What Does It Mean for a Function to Have Compact Support?

In summary, "compact support" means that the function is zero everywhere outside a finite interval and vanishes at positive and negative infinity. The Gaussian function does not have compact support.
  • #1
mnb96
715
5
Hello,
given a function f:R->R, can anyone explain what is meant when we say that "f has compact support"?

Some sources seem to suggest that it means that f is non-zero only on a closed subset of R.
Other sources say that f vanishes at infinity. This definition seem to contradict the previous: for example the Gaussian is never 0 but does vanish at infinity.

So, where is the misunderstanding?
 
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  • #2
Compact support means the function is zero everywhere outside some finite interval. Gaussian does not have compact support.
 
Last edited:
  • #3
It naturally means that the support of the function is a compact set, or equivalently as mathman points out; contained in a finite closed interval. This implies that f must vanish at positive and negative infinity, but is not equivalent as your example shows.
 

Related to What Does It Mean for a Function to Have Compact Support?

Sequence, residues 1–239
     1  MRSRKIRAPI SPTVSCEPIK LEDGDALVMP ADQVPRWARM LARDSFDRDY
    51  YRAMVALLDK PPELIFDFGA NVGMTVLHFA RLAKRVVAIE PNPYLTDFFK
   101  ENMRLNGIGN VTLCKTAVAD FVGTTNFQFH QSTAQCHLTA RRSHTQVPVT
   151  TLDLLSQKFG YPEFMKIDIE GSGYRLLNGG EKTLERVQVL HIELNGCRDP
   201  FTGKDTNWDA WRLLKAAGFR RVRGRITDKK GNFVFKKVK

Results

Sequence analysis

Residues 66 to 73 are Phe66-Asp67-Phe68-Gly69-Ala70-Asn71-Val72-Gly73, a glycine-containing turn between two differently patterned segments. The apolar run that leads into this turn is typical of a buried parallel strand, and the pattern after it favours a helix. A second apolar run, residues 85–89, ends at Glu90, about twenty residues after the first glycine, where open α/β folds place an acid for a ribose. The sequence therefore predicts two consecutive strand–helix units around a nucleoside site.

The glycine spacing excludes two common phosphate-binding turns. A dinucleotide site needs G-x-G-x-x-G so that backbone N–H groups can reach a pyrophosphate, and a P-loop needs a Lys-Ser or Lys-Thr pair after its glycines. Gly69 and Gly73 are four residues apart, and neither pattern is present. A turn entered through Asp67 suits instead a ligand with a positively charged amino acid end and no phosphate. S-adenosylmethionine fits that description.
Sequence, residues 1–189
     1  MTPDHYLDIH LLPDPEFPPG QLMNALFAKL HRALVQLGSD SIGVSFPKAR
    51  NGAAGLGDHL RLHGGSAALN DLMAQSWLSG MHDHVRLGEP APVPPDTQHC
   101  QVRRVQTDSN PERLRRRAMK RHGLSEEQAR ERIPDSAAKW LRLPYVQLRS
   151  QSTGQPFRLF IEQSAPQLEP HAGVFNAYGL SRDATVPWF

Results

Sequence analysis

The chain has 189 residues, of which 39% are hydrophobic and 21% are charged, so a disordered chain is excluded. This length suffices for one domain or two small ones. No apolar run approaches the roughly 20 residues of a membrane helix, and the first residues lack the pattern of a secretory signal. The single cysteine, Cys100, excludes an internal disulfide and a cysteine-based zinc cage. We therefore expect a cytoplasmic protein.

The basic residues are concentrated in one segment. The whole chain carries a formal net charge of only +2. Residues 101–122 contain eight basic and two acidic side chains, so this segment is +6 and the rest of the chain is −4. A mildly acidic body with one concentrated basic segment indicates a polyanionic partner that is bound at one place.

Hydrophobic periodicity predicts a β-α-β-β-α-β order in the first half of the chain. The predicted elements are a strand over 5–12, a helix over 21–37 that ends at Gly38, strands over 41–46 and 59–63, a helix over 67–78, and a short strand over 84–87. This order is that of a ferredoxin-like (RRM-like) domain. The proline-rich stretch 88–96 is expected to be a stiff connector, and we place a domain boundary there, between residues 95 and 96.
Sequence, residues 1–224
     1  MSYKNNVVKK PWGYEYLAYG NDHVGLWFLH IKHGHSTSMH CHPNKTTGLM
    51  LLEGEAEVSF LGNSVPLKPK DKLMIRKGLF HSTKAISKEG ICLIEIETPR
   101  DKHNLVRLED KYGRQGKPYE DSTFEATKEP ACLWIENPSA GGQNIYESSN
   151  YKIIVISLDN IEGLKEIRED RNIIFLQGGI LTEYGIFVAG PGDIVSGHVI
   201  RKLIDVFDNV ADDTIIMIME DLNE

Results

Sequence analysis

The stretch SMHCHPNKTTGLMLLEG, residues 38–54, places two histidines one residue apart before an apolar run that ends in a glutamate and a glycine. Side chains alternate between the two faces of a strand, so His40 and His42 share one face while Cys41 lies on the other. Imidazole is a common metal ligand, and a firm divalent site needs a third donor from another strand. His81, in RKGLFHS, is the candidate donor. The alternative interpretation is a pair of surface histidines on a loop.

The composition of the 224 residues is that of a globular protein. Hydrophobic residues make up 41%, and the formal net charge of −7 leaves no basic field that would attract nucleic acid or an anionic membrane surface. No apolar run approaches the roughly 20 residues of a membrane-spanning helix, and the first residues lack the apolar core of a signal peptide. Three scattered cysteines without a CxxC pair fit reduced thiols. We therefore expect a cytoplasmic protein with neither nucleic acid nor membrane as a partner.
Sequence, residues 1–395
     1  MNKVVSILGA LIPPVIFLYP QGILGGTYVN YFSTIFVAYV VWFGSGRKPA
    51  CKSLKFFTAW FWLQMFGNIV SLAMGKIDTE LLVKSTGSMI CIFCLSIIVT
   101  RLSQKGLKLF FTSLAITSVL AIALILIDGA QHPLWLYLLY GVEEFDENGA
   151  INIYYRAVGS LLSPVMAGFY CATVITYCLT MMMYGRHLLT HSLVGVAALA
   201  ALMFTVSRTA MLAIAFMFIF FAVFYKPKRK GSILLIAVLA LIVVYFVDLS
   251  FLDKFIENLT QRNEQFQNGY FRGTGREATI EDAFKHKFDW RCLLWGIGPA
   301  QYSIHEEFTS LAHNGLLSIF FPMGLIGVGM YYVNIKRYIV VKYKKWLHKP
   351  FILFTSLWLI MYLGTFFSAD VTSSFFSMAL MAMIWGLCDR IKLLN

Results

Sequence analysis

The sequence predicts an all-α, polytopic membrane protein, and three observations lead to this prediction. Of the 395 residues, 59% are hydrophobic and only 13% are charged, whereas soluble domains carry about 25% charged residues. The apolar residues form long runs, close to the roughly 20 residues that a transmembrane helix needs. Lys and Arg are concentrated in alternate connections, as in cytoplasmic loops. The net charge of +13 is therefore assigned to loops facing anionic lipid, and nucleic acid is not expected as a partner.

What is the compact support of a function?

The compact support of a function is the subset of its domain where the function is non-zero. In other words, it is the set of points where the function is defined and has a finite value.

Why is it important to consider the compact support of a function?

The compact support of a function is important because it allows us to restrict our attention to a finite region, which can make certain calculations and proofs easier. Additionally, functions with compact support have many useful properties, such as being continuous and having a well-defined integral.

How is the compact support of a function related to its domain and range?

The compact support of a function is a subset of its domain, and it determines the range of the function. If a function has compact support, then its range is limited to a finite region.

What is the difference between a function with compact support and one without?

A function with compact support is defined and has a finite value only within a specific region, while a function without compact support can have non-zero values in an infinite region. In other words, the compact support of a function restricts its domain and range.

Are there any real-world applications of compact support functions?

Yes, compact support functions are commonly used in signal processing, where the functions represent signals that are limited in time or space. They are also used in physics, particularly in quantum mechanics, to represent physical systems with finite energy or position.

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